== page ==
Thanks to Dr. Free-Ride of Adventures in Ethics and Science for alerting me to this most wonderful post. Transient Reporter has provided a most delicious translation of one of Toadygawa’s emails to Alla Karpova. It is too, too good to pass up. Here’s the intro:
From: Susumu Tonegawa
Sent: Thursday, May 11, 2006 7:09 PM
To: Karpova, Alla
I enjoyed talking with you enormously.
So who the hell are you, exactly?
Although I do have a reservation about the use of the MIST technology as the primary approach for studying circuit mechanisms underlying the behaviors and cognition…
Your experimental expertise is friggin’ useless. I’ll never need it for my own work, so don’t bother trying to use it as bait. I ain’t interested.
It just gets better after that. Go read and enjoy. It is a thing of beauty. I wish I’d written it.
Transient Reporter describes Toadygawa as a
crusty old curmudgeon – but one who could care less if this young postdoc was male or female. Just that she/he stay off his turf.
And Dr. Free-Ride essentially agrees with this analysis, as have a number of people who’ve commented on my blog and elsewhere in the media: He’s an equal-opportunity asshole. This wasn’t really about gender. While I love what Transient Reporter did with Toadygawa’s email, I have to disagree with the curmudgeon analysis. Consider this summary of remarks from the late Denice Denton at the 2005 Science and Engineering Workforce Project Conference:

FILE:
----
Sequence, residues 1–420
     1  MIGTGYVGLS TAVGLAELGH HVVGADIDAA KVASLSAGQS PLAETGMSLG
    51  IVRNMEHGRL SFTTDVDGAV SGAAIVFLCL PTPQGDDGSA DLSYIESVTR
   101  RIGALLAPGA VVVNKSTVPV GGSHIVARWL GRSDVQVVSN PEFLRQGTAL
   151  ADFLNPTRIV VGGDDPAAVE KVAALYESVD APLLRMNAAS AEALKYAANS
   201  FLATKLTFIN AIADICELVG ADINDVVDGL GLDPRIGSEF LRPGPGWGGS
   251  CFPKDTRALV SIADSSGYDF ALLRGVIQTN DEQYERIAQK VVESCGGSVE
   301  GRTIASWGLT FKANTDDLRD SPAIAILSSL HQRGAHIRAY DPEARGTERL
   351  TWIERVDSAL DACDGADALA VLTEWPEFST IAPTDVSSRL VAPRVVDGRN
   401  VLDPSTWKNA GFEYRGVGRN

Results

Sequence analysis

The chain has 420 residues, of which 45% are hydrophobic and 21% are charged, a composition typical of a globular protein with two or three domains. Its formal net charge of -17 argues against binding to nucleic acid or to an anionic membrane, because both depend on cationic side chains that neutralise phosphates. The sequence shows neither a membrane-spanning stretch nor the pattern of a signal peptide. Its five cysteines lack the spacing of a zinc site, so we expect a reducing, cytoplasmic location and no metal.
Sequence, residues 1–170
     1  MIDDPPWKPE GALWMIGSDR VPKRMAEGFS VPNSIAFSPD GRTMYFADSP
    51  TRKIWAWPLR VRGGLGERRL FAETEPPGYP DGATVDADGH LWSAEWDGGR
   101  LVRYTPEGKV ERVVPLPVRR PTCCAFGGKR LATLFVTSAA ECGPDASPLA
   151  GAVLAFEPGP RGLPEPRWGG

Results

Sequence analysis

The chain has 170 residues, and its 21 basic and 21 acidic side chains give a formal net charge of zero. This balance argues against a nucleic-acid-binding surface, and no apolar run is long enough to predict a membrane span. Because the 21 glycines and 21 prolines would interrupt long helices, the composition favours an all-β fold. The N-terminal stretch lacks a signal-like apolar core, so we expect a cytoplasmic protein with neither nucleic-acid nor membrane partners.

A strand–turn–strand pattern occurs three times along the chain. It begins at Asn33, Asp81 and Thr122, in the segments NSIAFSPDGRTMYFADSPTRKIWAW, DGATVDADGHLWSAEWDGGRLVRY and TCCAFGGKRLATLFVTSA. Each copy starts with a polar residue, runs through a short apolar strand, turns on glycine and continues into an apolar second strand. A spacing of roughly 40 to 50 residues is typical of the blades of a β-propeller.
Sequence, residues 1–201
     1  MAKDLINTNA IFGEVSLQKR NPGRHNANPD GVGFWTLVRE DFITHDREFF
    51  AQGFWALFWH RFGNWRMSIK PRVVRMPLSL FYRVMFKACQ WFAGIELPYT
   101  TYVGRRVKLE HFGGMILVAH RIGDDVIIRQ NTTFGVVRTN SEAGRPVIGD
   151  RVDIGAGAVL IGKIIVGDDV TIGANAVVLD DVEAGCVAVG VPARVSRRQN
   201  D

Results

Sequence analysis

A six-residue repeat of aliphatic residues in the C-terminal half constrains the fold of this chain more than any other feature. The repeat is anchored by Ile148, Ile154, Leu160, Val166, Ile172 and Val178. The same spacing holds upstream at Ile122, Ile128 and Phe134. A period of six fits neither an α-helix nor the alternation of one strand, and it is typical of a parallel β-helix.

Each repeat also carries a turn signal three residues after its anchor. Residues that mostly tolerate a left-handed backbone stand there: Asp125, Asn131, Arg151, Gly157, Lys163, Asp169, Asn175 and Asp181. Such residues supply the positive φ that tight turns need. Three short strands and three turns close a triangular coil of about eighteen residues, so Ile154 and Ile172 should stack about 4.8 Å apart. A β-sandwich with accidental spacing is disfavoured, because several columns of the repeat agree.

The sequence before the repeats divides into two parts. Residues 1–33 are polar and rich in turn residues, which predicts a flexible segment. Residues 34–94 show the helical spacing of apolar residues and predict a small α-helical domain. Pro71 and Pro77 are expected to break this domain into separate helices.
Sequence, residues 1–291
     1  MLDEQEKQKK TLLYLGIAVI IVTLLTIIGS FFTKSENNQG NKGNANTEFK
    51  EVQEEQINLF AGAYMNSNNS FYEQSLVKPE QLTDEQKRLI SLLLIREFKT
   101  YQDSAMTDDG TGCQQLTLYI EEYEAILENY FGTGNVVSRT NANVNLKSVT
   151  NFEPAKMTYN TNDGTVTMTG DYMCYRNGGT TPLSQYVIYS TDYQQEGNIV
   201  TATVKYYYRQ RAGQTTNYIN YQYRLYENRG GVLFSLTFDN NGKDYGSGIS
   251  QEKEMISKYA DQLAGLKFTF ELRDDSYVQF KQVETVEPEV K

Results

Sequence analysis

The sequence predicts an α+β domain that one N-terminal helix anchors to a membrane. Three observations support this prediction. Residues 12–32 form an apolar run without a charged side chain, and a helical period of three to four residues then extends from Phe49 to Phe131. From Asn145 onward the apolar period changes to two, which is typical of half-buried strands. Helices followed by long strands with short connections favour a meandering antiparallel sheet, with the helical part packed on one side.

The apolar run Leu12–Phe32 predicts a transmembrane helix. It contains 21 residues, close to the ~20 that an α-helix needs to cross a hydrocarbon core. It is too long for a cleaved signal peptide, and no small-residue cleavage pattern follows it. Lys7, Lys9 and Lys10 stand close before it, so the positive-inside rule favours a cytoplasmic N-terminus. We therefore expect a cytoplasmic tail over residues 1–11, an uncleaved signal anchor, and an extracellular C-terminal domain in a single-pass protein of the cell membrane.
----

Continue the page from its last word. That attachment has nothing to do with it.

Denice Denton, Chancellor Designate of UC Santa Cruz, delivered accounts from her career as an engineer when she faced discrimination as a woman scientist. One of her examples focused on the “lab bully” who is often characterized as an equal opportunity bully. But this type of behavior differentially affects those colleagues who are most marginalized to begin with. Male colleagues have a tendency to excuse abhorrent behavior by saying that a powerful professor acts like a jerk toward everyone, and therefore is not guilty of discrimination. Denton suggests that the climate for women and for all in academe could improve substantially if there were more support for “zero tolerance” towards the bullies and “jerks.” It is not enough to rely on ombuds personnel to root out creepy activity. Her conclusion, “We needed, and still need, cultural change in the sciences.”
“Equal opportunity” bullies actually have a differential impact. They hurt most those who can least afford to bear the force of their attack – women, under-represented minorities, the “others” whose presence in science is already marginal.